Album Reviews: April 2002


Tetra Splendour - Splendid Animation (Chrysalis)

Hailing from the land of the long onion, vocal miners and Tom Jones, Tetra Splendour, a group who seem to have been around for ages release their debut album on May 20th. Keeping it real, the group recorded here in Cardiff City Audio Zone with Paul Durrant and Steve Davis, presumably not noted for his "interesting" vain.

T: Nice Hammer Horror intro anyway.

N: God this rings of seventies prog rock. That's not to say in any way that it's bad - just a bit of a shock, that's all.

T: I can't really see where you're coming from there. Explain.

N: Listen to the intro here. The funny little twiddly bits. It's Rick Wakeman to me.

T: Ok I can see a Tubular Bells or Pink Floyd kind of reference, but surely the voice has no relevance whatsoever to Yes.

N: None at all. I wouldn't burden the group in that light. I've met the band and they're nice guys. That's not to say Rick Wakeman isn't nice too, but hey, I've never met him. But that's in a "mate's dad" kind of way.

T: I like the morosity of it all. I doubt if they'd be invited to the Boy Scouts' disco.

N: That's a point. If they were, hide the sharp objects. He DOES sound like Roger Waters though doesn't he? It's apparent that the band were listening to Floyd in the green room prior to going into the studio.

T: Sounds like the weakest track was the one they released as their last single to me. "Bless My Soul" sounds a lot like the Longpigs.

N: This reeks of Julian Cope more to me, possibly on his "Fried" album, even down to the guitar work. I'm impressed with what the group have done in production here. The songs are great. A very different album -quite unlike what I would have expected after seeing them live. 7/10 web site


D*Note - Fuchsia Dog (Channel 4 Recordings)

See background about this act in our interviews/features section (link).

N: On hearing the artist's current single, I was quite taken. On hearing this, his latest album, I've not changed my opinion. I like what he's done with the moods he has created here. A veritable chillout album, post club.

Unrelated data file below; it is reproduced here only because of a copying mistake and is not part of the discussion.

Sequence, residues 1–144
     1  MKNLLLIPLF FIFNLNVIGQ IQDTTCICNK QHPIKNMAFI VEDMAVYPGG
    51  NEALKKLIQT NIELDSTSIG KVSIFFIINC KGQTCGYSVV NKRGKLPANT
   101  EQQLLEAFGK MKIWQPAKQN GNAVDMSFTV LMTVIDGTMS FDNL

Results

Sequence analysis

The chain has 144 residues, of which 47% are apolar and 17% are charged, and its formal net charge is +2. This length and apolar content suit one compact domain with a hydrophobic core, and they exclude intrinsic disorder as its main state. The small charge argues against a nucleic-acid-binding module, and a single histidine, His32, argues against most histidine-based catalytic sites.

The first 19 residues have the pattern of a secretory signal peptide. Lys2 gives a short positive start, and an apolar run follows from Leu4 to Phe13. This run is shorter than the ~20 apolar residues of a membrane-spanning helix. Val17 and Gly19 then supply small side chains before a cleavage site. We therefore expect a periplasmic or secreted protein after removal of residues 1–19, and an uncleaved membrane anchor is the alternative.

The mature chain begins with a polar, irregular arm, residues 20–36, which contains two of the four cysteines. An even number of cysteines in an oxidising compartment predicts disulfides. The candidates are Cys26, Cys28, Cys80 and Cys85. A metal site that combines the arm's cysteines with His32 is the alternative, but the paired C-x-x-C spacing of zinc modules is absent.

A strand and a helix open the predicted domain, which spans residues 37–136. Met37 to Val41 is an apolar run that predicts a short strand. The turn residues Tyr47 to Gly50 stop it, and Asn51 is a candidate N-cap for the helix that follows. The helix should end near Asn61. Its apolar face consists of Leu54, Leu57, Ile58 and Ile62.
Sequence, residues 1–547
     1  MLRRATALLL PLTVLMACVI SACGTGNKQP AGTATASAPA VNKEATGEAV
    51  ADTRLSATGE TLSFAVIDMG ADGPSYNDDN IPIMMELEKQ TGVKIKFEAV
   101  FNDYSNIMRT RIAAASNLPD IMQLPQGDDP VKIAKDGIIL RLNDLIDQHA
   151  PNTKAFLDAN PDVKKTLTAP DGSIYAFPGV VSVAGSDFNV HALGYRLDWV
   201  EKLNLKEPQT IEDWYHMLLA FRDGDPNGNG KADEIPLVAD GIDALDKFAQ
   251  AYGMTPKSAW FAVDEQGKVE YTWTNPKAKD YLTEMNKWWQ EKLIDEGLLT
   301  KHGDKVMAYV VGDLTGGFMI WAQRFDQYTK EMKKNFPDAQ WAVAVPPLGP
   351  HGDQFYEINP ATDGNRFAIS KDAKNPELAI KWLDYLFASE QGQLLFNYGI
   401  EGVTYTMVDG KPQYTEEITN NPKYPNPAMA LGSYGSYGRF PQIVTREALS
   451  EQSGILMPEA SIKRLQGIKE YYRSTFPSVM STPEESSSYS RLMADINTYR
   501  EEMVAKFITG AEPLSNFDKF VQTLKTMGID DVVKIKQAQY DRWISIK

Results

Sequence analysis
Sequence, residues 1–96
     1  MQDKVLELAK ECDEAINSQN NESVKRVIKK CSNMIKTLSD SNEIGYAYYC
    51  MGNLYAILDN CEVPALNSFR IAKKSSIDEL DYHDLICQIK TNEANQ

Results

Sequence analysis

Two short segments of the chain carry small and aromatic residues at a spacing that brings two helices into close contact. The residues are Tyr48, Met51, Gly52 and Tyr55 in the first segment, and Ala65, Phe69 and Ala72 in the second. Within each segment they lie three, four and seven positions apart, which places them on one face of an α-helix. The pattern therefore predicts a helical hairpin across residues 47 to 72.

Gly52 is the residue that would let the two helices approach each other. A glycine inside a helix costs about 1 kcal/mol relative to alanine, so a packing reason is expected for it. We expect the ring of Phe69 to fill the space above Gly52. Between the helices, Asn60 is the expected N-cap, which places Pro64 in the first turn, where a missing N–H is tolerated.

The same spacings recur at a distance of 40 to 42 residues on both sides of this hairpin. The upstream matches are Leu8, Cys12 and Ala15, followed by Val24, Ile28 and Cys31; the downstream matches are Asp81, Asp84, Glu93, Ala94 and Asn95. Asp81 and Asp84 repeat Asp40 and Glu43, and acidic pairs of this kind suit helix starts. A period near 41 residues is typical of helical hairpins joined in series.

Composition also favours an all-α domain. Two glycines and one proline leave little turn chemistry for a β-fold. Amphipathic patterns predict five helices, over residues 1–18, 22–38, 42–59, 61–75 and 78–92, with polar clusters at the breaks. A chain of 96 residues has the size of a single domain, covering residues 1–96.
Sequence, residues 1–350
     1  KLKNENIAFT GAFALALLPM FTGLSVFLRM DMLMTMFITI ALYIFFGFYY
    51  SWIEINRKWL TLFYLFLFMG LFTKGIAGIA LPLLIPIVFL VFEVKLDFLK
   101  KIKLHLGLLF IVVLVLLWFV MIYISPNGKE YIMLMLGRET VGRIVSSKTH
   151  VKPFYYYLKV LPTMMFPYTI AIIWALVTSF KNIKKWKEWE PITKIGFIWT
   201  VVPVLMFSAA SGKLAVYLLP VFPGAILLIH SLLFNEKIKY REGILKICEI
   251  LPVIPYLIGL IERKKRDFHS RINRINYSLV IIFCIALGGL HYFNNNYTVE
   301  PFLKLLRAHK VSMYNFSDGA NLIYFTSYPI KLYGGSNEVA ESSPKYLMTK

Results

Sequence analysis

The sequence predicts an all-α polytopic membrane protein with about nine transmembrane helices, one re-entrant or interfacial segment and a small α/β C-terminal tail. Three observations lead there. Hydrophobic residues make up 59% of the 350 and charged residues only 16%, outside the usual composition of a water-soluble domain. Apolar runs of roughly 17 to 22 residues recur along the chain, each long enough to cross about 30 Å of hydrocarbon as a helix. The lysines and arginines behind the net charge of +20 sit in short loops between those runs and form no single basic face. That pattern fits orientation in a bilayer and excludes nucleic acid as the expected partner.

T: There is a similarity in feel here with Kraftwerk's classic album "The Man Machine". I'm half expecting to hear the words "We are the robots dah dah da dah" any second now. Well, that album must be ranked amongst my favourites in my collection, so it's a pretty good prototype to work from if you ask me.

N: Don't you think it's a little less structured, and less rigid than Kraftwerk? This is warmer, friendlier and perhaps more approachable.

T: Yes but there is something enigmatic about this act, in the same way as there was about our loveable towel snatching European counterparts. It's a most relaxing listen and it gives you a nice glowing feeling inside.

N: I'm not so sure about the vocals on "Same Mistake" though.

T: A bit too "Ride On Time" do you think?

N: Yes, just not on a par with "Shed My Skin" which has to go down as a classic. I would say though, I would perhaps question the album's running order...I don't know though, maybe not, because it does hit a high on "Atomised" before coming back down again. Then again, what do I know? Matt's latest film "Out of the Game" is about clubbing the dance and drugs scene, so maybe that rush is something I know nothing about.

T: Yeah whatever. Shut up and pass me that spliff anyway. 8/10 web site


Haven - Between the Senses (Radiate)

Ok so this album was released this February last, but this month our writer Na'im Cortazzi interviewed the group so we thought this might be a good chance to take a listen to this, the band's debut album. Uprooted from their native Cornwall, to the bright lights of the big city (Manchester in this case) Haven are a group that belie their age as a band, but I think we've said enough here, take a look at the interview while we get used to this album (link).

N: Well we've digested what this group have to offer, your comments?

T: I'm pretty divided to be honest with you. I think the extra mellow tracks work on a massive scale for me. They have an enormous amount of emotion to them, and the right ingredients to give you a bit of a tingle. However, the ones that build up and up seem to be a little excessive for my liking. It's all very well putting your heart and soul into your songs as long as you don't do it to such an extent that it leaves the listener wanting to hack off his head with a chainsaw. Not that I was in the least bit tempted I can assure you...

N: Yeah I have to say I tend to agree with you there. On first listening to this album, I was most impressed, but long winded might be one way of putting it. I really don't wish to put the band down, as the product that they have produced is a good one, but maybe they have been a little too dazzled by the bright lights, like a kid in a sweet shop who wants everything, not realising that when the evening comes, they are likely to be sick.